Incidence rates of death were expressed as cases per 100,000 person-days. We used Cox proportional-hazards regression to calculate the hazard ratio for death and its 95% confidence interval (CI). We found no violation of proportional-hazards assumption. Survival was calculated using the Kaplan–Meier method. Survival time was right-censored at 28 days of follow-up. Cox regression models were adjusted for age using a five-knot restricted cubic spline fitting for age29. Analyses within each age group (20 to 39, 40 to 49, 50 to 59, 60 to 69, 70 to 79, and ≥ 80 years) were adjusted for age as a continuous variable. We tested for interactions between diabetes and age, diabetes and sex, and diabetes and type of patient care (outpatient or inpatient). The trends for the hazard ratios across age groups were tested using weighted linear regression. The probability weights were obtained from the inverse of the variance of the risk estimates. In the eligible population of patients, no predictor included in our regression models had more than 0.31% missing data. Thus, data were not imputed30,31. A complete-case analysis was performed. There were no missing data on age, sex, date of patient evaluation, date of symptoms onset, date of death, or type of patient (outpatient or inpatient).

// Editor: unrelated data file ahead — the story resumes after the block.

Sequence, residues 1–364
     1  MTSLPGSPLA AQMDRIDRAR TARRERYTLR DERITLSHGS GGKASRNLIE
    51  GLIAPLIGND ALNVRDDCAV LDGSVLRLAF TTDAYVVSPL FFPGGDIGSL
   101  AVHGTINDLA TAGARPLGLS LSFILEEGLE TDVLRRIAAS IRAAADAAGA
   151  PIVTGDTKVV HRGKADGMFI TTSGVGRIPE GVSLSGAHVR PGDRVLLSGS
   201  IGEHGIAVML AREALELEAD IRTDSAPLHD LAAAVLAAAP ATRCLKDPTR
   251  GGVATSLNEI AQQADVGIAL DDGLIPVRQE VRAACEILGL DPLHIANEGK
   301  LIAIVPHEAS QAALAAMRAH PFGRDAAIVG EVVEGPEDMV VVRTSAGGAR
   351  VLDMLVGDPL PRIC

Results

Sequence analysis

We conducted three sensitivity analyses to assess the robustness of our findings: (1) full models with further adjustment for pneumonia, admission to intensive care unit, intubation, and time from symptoms onset to the date of patient evaluation; (2) multilevel mixed-effect survival regression models to assess the possible effect of geographical differences on our risk estimates32; and (3) comparison of hazard ratios from analysis restricted to patients who were evaluated and notified before and after August 1 to address the possible influence of changes to the definition of suspected viral respiratory disease23,27. We conducted stratified analysis according to age and sex, in outpatients and inpatients. Given the very large population, our study had statistical power to perform a robust stratified analysis in six age groups, among outpatients and inpatients. We used the log-rank test to compare unadjusted survival curves. All p values were two-sided. All analyses were performed using Stata 14 (StataCorp LP, TX).

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